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Shiyu Wang

Photo of Shiyu Wang
Shiyu Wang
College of Education
University of Georgia
204 Caldwell Hall
Event Flyer (468.76 KB)

Exploratory Cognitive Diagnosis Models: Attribute Hierarchy Estimation and Exploration of Utilizing Eye-tracking Data.


Attribute hierarchy, the underlying prerequisite relationship among attributes, plays an important role in applying Cognitive Diagnosis Models (CDM) for designing efficient cognitive diagnostic assessments. However, there are limited statistical tools to directly estimate attribute hierarchy from response data. In this talk, we present a Bayesian formulation for a class of general CDMs with attribute hierarchy and introduce an efficient Metropolis within Gibbs algorithm to estimate the underlying hierarchy along with CDM parameters. Our simulation study demonstrated our method can fully recover or estimate at least a subgraph of the underlying structure across various conditions. The real data application indicates the potential of learning attribute structure from data using our algorithm and validating the existing attribute hierarchy specified by content experts. In the end of the talk, we will also briefly present some preliminary results of one on-going project that aim to use eye-tracking data to improve the estimation of CDMs.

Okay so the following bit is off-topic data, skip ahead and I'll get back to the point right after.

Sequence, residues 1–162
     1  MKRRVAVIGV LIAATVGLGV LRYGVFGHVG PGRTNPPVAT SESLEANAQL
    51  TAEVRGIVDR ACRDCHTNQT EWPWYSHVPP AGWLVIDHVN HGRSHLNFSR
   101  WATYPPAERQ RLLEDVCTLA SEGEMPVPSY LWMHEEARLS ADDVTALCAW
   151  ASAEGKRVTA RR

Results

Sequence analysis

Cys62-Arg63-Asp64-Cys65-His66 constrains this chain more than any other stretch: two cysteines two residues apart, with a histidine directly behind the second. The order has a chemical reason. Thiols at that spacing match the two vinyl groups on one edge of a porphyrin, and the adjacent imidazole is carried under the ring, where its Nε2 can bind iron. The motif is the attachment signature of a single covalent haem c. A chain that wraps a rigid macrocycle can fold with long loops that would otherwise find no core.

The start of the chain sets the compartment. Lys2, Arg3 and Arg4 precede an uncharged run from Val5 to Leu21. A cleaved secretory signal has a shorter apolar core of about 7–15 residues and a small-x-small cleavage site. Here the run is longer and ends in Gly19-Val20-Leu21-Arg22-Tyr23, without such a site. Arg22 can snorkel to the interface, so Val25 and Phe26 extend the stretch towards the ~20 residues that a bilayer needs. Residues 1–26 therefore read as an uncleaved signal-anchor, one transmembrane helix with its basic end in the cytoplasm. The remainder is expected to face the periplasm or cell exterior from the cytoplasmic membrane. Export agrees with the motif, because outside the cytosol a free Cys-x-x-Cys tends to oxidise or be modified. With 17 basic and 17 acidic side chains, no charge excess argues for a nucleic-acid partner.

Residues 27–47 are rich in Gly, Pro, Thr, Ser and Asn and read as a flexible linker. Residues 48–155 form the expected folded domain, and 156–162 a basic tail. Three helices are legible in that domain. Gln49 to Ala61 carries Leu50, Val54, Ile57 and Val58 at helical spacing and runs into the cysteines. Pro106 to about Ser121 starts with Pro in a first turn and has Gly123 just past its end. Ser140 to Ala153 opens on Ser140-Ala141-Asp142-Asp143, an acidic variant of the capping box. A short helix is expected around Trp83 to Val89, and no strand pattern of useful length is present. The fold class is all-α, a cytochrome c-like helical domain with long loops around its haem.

Dr. Shiyu Wang is an Associate Professor from Quantitative Methodology Program, Department of Educational Psychology at University of Georgia. Before moving to this position, she got her PhD in statistics from University of Illinois at Urbana-Champaign. Dr. Wang’s research interests lie broadly to personalized assessment and learning through three perspectives:1) developing innovative adaptive testing designs that can provide efficient individualized assessments and an examinee-friendly testing environment; 2) establishing statistical foundations for a family of restricted latent class models to provide guidelines for model estimation and selection; and 3) developing novel dynamic psychometric models that can measure and predict students’ learning outcomes based on a variety of assessment data, including produce data (i.e., students’ responses) and process data (i.e., response time and learning time) to facilitate the development of adaptive learning. Dr. Wang actively publishes within the top journals in psychometrics, educational measurement, and statistics. She was selected as the 2019 NAEd/Spencer post-doctoral fellow. She received the 2019 IACAT early career researcher award and the 2020 Jason Millman Promising Measurement Scholar Award from the National Council on Measurement in Education.

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